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Jean Chretien

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NEWS
November 28, 2000 | MAGGIE FARLEY, TIMES STAFF WRITER
Voters returned Prime Minister Jean Chretien to a historic third term Monday as leader of a majority government in Canada's national election. The question for voters was never really whether Chretien would stay in office. Rather, it was how easy they would make it for him.
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NEWS
February 6, 2001 | ROBIN WRIGHT, TIMES STAFF WRITER
In his first official foray into foreign policy, President Bush held talks with Canadian Prime Minister Jean Chretien at the White House on Monday in a meeting that was largely a get-acquainted session. But the working dinner with the leader of America's neighbor and largest trading partner underscored the widening gap between the new administration and its closest ally on key economic and defense issues, from drilling for oil in the Arctic to a national missile shield.
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NEWS
October 22, 1993 | MARY WILLIAMS WALSH, TIMES STAFF WRITER
With Canadians going to the polls on Monday, little doubt remains about the identity of this country's next prime minister. It will almost certainly be Jean Chretien, 59, a French-speaking member of Parliament and the Liberal Party leader, a strong federalist who held prominent Cabinet portfolios in the late-1960s-through-early-1980s governments of Pierre Elliott Trudeau.
NEWS
November 28, 2000 | MAGGIE FARLEY, TIMES STAFF WRITER
Voters returned Prime Minister Jean Chretien to a historic third term Monday as leader of a majority government in Canada's national election. The question for voters was never really whether Chretien would stay in office. Rather, it was how easy they would make it for him.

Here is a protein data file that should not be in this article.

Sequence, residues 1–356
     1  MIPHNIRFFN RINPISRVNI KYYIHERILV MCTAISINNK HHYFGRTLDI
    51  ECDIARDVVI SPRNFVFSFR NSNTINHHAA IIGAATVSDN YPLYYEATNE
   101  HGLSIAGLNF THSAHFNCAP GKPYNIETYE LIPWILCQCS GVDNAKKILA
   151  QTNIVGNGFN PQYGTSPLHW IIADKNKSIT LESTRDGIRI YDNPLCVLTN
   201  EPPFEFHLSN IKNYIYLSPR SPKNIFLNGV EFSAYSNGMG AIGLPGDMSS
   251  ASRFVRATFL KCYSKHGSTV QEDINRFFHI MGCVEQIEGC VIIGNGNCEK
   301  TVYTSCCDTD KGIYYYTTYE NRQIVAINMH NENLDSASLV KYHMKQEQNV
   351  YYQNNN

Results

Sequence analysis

NEWS
October 22, 1994 | CRAIG TURNER, TIMES STAFF WRITER
Nearly a year after taking office and with his popularity at an all-time high, Prime Minister Jean Chretien is making his first moves toward attacking Canada's mountainous public debt, among the largest in the industrialized world. In two days of hearings before a parliamentary committee this week, Finance Minister Paul Martin set deficit-cutting as the government's top fiscal priority.
NEWS
October 23, 2000 | From Times Wire Reports
Prime Minister Jean Chretien set national elections for Nov. 27, gambling that a big budget surplus and the emotional outpouring over Pierre Elliott Trudeau's death will help bring him a third straight term. Chretien, 66, had until mid-2002 to hold the vote. His governing Liberal Party opted to call the elections to take advantage of an economic boom and strong poll ratings. Chretien's announcement came less than three weeks after the funeral in Montreal of Trudeau.
BUSINESS
November 3, 1994 | From Times Staff and Wire Reports
Canadian Leader to Head Trade Mission to China: Prime Minister Jean Chretien will lead his nation's largest-ever trade delegation to China on Friday in search of billions of dollars worth of business and a market for Canadian nuclear reactors. But the delegation of about 250 members--scheduled to visit Beijing and Shanghai over five days--has come under fire from human rights groups that say the Liberal government has sacrificed principle in the pursuit of commercial gain.
NEWS
January 26, 1996 | From Times Wire Reports
Aiming to weaken a separatist drive in Quebec, Prime Minister Jean Chretien named two Quebeckers to his Cabinet in the first ministerial shake-up of his term. Chretien changed 17 positions among 24 ministers, and the Cabinet now has six ministers from Quebec. Chretien has been widely criticized for not doing more to prevent a breakup of Canada. In October, federalists defeated a separatist referendum in Quebec by 50.6% to 49.4%.
NEWS
November 5, 1993 | From Times Wire Services
Liberal Party leader Jean Chretien took office as Canada's 20th prime minister Thursday and immediately set to work on economic problems that drove the Conservatives from power. He scheduled his first Cabinet meeting hours after being sworn in by Governor General Ramon John Hnatyshyn and hinted that one of his first tasks will be renegotiating terms of a North American free trade zone. He also canceled contracts for British-Italian military helicopters worth $4.8 billion Canadian ($3.
NEWS
May 7, 1996 | Associated Press